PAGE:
Since Anthony Mantha got off to a slow start this season, Red Wings fans have wondered whether or not this would be his last season in Detroit. Well, those fans got their answer ahead of the trade deadline as it was announced that the Red Wings had traded him to the Washington Capitals in a deal that yielded forwards Jakub Vrana and Richard Panik, along with a 2021 first round pick and a 2022 second round pick.
There’s a lot to digest here from the Red Wings side of things, so let’s dive right in:
So Long, Mr. Mantha
Selected with the 20th pick of the 2013 draft, Mantha has played within the Red Wings’ organization since 2014 when he joined the Grand Rapids Griffins of the AHL. His skill was undeniable during his two seasons with the Griffins as he collected 44 goals and 88 points through 132 games. After a 10-game stint with the Griffins to start the 2016-17 season, he made the jump to the NHL and never looked back.
With the Red Wings, Mantha put up 194 points through 302 games, a points per-game rate (P/G) of .64. His underlying numbers always suggested that he was the Red Wings’ top player in terms of pure offense and impact on the play, but those analytics were too often muted by his sometime lackadaisical play, especially in his own zone. While he was a force to be reckoned with when he was on his game, you would see him float around on the ice when he was off his game, not really engaged into what was going on around him.
The Capitals are betting big that Mantha can be the player he flashed in Detroit on a more regular basis. To their credit, if that proves to be true, Washington will have boosted their top six in a big way; he has never had the kind of playmakers and finishers that the Capitals lineup features. Playing alongside Evgeny Kuznetsov or Nicklas Backstrom should do wonders for his goal scoring numbers. While Mantha is a player that is worth a proverbial “second chance”, I’m here to tell you that the cost of that “second chance” is heavily skewed towards the Red Wings.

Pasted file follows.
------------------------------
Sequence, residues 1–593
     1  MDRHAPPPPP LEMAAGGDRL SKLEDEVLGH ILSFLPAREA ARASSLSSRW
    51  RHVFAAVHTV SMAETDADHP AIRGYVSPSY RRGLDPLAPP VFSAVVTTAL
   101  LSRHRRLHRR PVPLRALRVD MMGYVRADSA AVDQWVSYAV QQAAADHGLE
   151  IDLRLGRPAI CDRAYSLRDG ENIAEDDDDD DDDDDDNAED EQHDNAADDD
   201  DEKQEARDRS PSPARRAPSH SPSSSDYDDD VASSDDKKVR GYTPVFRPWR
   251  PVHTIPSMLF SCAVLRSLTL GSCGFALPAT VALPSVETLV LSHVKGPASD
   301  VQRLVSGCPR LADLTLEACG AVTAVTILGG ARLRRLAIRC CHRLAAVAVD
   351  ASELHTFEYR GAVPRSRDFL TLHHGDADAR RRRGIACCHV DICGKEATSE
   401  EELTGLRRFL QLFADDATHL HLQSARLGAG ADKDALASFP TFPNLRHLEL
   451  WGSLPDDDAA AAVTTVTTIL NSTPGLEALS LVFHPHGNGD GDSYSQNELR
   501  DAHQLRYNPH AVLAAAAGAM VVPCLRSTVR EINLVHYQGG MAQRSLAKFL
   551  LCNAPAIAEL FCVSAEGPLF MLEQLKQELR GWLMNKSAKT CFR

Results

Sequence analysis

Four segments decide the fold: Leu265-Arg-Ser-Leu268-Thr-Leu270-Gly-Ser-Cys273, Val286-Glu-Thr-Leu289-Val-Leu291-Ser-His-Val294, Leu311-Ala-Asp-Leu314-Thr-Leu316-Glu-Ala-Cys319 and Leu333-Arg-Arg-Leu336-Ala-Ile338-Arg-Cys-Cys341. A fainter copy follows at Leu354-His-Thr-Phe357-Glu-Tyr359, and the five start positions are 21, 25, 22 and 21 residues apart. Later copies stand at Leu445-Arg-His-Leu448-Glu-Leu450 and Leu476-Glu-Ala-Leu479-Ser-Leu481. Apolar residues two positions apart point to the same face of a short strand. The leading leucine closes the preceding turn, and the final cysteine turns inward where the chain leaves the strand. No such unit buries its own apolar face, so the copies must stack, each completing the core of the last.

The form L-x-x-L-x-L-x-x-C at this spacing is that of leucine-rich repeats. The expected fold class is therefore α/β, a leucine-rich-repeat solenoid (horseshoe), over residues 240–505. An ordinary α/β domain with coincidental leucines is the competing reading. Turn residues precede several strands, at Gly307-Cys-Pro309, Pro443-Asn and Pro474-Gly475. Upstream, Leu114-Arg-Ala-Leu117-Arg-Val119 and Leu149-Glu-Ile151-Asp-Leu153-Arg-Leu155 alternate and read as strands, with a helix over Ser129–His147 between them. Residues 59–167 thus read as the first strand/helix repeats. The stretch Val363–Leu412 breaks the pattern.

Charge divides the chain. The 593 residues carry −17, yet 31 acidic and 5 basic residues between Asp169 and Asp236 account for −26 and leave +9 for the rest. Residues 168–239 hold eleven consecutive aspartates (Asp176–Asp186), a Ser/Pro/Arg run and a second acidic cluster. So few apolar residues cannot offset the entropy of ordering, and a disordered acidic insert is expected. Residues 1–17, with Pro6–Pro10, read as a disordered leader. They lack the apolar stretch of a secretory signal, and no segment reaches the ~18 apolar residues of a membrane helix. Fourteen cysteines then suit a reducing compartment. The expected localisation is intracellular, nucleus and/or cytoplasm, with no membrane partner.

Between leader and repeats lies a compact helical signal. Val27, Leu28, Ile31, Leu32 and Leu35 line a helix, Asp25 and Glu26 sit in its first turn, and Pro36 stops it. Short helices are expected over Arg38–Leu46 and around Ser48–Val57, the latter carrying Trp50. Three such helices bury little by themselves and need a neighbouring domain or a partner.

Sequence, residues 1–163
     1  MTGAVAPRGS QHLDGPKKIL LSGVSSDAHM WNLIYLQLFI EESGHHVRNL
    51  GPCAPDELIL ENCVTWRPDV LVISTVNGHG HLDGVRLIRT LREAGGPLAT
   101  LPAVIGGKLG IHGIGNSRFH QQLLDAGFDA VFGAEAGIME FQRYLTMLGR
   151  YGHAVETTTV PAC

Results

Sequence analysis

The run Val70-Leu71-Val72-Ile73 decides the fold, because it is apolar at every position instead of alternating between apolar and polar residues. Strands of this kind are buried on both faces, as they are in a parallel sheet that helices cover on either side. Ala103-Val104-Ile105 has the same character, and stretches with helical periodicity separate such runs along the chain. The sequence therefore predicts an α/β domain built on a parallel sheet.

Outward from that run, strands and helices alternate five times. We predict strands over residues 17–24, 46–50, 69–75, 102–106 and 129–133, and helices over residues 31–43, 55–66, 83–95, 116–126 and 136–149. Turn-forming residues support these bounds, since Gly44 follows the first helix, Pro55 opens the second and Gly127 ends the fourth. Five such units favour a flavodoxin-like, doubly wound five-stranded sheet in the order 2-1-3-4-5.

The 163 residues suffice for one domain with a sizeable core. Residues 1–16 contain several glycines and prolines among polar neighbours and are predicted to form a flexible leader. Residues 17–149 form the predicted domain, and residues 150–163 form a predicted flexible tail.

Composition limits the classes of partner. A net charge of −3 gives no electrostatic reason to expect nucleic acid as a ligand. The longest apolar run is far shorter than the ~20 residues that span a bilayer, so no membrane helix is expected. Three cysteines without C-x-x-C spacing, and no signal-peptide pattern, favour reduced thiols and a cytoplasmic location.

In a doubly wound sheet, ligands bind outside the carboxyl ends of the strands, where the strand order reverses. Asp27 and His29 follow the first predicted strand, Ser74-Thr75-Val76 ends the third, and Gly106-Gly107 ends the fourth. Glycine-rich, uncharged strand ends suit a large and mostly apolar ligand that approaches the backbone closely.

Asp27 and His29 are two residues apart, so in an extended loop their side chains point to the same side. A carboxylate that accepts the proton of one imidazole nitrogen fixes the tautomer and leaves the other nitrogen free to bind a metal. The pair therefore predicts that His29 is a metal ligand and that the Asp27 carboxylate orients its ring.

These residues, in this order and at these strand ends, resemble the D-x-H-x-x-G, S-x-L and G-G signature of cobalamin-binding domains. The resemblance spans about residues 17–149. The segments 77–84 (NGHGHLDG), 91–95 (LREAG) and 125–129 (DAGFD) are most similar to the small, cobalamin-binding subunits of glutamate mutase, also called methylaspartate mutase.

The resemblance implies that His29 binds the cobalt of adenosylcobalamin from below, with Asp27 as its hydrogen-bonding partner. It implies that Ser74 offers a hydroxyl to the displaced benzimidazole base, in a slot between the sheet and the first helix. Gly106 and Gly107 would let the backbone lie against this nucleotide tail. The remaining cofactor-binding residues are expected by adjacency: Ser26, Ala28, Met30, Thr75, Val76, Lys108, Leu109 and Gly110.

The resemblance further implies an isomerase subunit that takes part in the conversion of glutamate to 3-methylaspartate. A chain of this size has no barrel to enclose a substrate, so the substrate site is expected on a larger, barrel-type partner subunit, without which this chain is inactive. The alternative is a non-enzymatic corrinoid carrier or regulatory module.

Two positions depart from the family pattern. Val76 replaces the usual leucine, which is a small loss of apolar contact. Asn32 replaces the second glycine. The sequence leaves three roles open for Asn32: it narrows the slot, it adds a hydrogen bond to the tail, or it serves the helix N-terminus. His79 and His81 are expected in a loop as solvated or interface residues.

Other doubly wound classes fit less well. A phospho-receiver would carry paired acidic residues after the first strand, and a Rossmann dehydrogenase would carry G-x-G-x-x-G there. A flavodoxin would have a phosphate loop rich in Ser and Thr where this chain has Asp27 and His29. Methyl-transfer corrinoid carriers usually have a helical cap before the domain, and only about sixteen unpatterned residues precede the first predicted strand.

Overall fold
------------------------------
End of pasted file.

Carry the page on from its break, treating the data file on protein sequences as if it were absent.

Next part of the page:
Yzerman Didn’t Panik
First off, let’s look at Panik, who I think is the least-valuable piece of this puzzle.
That’s no knock on him either, as Panik could very well prove to be a solid piece for the Red Wings. At 30-years-old, he is a veteran of just over 500 regular season games in the NHL, including stints with the Capitals, the Arizona Coyotes, the Chicago Blackhawks, the Toronto Maple Leafs and the team that drafted him, the Tampa Bay Lightning. No matter where he has played, he has almost always been a third-line, abrasive player that isn’t afraid to be “that guy” on the ice. While he’s no Darren McCarty, or even Givani Smith for that matter, he is somebody that can chip in offensively while also getting under the skin of Detroit’s opponents.
“(Panik) can play a variety of roles for us,” general manager Steve Yzerman said during his trade deadline press availability. “We want to surround (the core group of players) with players that help them grow and develop.”
Yes, he is a bit over-compensated at $2.75 million for two more seasons beyond this one, but with the overall financial flexibility the Red Wings are poised to have starting this offseason, his cap hit is just a drop in the bucket in the grand scheme of things. Detroit could look to retain half of his cap hit in a future trade as well, making him a bit more appealing for what he offers. Lastly, he also gives the Red Wings somebody with a contract to expose to the Seattle Kraken in the upcoming expansion draft. Don’t overlook that fact.